# Wealth is not a good thing, for good things cause no harm at all, yet wealth is often harmful to people.Which one of ...

Steven on February 10, 2018

Question

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Richmond on June 10, 2018

I have the same question. There seems to be quantifier language in the stimulus and choice D ("often" and "most", respectively). But there is not quantifier language in choice A. How is (A) correct over (D)?

Christopher on June 11, 2018

@erojas @Richmond

The trick here is not specific language clues but actual logical structure.

Wealth is often Harmful to people. W ==> H

A Good Thing can cause no Harm. GT ==> not H or H ==> not GT

Conclusion Wealth is not a Good Thing. W ==> H ==> not GT

With (A), you have a similar track.

Alex Like Golf A ==> LG

No-one in Chess Club Likes Golf. CC ==> not LG or LG ==> not CC

Alex is not in Chess Club. A ==> LG ==> not CC

(C) follows different logic and isn't sound. To say that the dog is not a dachshund because he hunts well and most dachshunds are bad hunters misses the fact that Sarah's dog could be the one in a million dachshunds that's a good hunter.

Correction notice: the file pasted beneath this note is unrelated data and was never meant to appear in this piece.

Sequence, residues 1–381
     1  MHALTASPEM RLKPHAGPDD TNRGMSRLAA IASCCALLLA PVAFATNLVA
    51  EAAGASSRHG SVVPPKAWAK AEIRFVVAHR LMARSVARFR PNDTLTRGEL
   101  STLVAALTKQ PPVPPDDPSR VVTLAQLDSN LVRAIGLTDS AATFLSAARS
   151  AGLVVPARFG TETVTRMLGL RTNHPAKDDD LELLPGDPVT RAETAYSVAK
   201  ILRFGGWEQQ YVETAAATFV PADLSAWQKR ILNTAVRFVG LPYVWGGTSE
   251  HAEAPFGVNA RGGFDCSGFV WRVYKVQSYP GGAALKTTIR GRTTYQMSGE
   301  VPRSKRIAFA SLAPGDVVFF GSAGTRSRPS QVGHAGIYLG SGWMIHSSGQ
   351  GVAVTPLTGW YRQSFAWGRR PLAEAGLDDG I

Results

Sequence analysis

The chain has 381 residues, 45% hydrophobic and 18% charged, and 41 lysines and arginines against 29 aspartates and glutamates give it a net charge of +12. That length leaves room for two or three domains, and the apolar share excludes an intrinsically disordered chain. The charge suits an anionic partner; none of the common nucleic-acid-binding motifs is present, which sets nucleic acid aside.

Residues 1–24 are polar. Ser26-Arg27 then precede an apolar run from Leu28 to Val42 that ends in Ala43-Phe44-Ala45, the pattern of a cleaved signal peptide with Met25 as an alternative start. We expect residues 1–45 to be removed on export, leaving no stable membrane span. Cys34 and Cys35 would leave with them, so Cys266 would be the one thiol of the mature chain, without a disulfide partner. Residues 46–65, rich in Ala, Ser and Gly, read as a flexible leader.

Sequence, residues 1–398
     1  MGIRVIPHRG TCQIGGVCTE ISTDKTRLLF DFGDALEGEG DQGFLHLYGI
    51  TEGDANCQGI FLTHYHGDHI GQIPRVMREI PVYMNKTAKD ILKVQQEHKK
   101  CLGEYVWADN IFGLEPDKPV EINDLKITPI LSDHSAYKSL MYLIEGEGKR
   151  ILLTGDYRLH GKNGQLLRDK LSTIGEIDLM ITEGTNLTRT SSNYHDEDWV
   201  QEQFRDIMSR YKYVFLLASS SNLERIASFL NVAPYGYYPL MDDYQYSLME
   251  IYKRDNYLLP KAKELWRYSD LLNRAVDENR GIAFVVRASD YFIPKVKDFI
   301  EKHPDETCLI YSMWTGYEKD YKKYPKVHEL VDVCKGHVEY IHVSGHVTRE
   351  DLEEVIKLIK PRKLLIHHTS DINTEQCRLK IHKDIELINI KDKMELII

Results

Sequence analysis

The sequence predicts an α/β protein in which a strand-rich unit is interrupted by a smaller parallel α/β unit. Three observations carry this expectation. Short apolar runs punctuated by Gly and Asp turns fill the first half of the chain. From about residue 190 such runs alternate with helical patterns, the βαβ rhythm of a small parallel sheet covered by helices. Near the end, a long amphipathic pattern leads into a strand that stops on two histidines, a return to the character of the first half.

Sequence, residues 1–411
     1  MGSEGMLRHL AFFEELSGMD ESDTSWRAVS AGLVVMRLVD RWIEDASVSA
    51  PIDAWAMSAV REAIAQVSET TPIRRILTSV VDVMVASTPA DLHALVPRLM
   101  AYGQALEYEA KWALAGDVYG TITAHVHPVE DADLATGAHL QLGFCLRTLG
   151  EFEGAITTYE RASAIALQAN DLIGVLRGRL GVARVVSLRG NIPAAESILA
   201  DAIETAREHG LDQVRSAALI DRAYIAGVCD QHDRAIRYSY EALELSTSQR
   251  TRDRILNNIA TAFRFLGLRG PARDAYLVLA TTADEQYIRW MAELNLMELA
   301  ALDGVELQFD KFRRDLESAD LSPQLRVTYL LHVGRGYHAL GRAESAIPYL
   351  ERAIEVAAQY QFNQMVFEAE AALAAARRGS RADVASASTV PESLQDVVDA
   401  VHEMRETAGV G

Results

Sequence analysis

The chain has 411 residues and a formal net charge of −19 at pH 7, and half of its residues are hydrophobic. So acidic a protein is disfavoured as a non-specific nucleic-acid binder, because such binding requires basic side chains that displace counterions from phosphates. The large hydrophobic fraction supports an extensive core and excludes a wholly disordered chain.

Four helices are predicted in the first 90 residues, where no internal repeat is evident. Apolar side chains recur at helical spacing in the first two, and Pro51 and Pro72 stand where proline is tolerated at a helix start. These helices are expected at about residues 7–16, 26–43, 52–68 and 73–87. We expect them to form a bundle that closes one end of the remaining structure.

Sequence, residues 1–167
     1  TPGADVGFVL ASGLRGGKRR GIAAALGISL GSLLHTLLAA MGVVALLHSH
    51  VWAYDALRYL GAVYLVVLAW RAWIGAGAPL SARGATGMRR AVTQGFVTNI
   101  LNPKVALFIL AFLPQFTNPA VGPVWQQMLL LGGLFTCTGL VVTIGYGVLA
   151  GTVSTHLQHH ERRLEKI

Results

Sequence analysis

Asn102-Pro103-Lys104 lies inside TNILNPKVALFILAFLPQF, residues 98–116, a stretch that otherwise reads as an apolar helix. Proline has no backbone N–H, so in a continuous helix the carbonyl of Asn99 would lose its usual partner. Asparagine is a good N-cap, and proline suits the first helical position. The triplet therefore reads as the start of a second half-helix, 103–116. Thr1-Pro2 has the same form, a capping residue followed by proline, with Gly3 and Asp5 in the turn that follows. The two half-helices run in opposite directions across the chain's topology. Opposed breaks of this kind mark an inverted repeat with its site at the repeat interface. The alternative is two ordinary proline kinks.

Michelle on September 9, 2019

But doesn't the word often indicate that wealth can sometimes be not harmful? Which is why I chose d as well...

jing jing on April 16, 2020

I also picked D over A for the same reason. I still didn't get the question after reading your comment. Could you explain and elaborate more? Thanks. Sorry for my confusion.

Gabby on April 21, 2020

@Christopher, how do we know when to quickly eliminate answer choices that have mismatched structures? In this case, that would have resulted in eliminating a right answer choice because the stimulus had a probability connotation with its use of "might" but the correct answer didn't, it was instead, affirmative.. Would you recommend never skimming through the answer choices and eliminating the mismatched structures first before reading through the remaining ones for logical matches?

Joshua on June 3, 2020